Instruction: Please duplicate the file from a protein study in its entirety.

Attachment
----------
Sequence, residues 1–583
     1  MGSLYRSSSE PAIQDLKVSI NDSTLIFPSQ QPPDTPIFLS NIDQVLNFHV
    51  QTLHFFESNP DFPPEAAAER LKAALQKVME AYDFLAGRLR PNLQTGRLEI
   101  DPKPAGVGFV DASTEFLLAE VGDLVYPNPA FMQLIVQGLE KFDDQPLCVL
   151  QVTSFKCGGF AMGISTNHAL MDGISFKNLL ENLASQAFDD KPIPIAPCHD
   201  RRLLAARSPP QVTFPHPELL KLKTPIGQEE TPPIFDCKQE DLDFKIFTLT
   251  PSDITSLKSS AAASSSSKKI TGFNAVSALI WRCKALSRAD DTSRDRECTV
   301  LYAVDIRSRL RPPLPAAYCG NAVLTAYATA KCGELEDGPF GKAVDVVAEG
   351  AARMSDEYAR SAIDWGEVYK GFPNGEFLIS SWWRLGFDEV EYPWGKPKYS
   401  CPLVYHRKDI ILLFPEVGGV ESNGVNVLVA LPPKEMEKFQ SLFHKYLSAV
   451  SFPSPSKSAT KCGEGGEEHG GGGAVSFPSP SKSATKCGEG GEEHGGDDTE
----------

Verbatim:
Sequence, residues 1–583
     1  MGSLYRSSSE PAIQDLKVSI NDSTLIFPSQ QPPDTPIFLS NIDQVLNFHV
    51  QTLHFFESNP DFPPEAAAER LKAALQKVME AYDFLAGRLR PNLQTGRLEI
   101  DPKPAGVGFV DASTEFLLAE VGDLVYPNPA FMQLIVQGLE KFDDQPLCVL
   151  QVTSFKCGGF AMGISTNHAL MDGISFKNLL ENLASQAFDD KPIPIAPCHD
   201  RRLLAARSPP QVTFPHPELL KLKTPIGQEE TPPIFDCKQE DLDFKIFTLT
   251  PSDITSLKSS AAASSSSKKI TGFNAVSALI WRCKALSRAD DTSRDRECTV
   301  LYAVDIRSRL RPPLPAAYCG NAVLTAYATA KCGELEDGPF GKAVDVVAEG
   351  AARMSDEYAR SAIDWGEVYK GFPNGEFLIS SWWRLGFDEV EYPWGKPKYS
   401  CPLVYHRKDI ILLFPEVGGV ESNGVNVLVA LPPKEMEKFQ SLFHKYLSAV
   451  SFPSPSKSAT KCGEGGEEHG GGGAVSFPSP SKSATKCGEG GEEHGGDDTE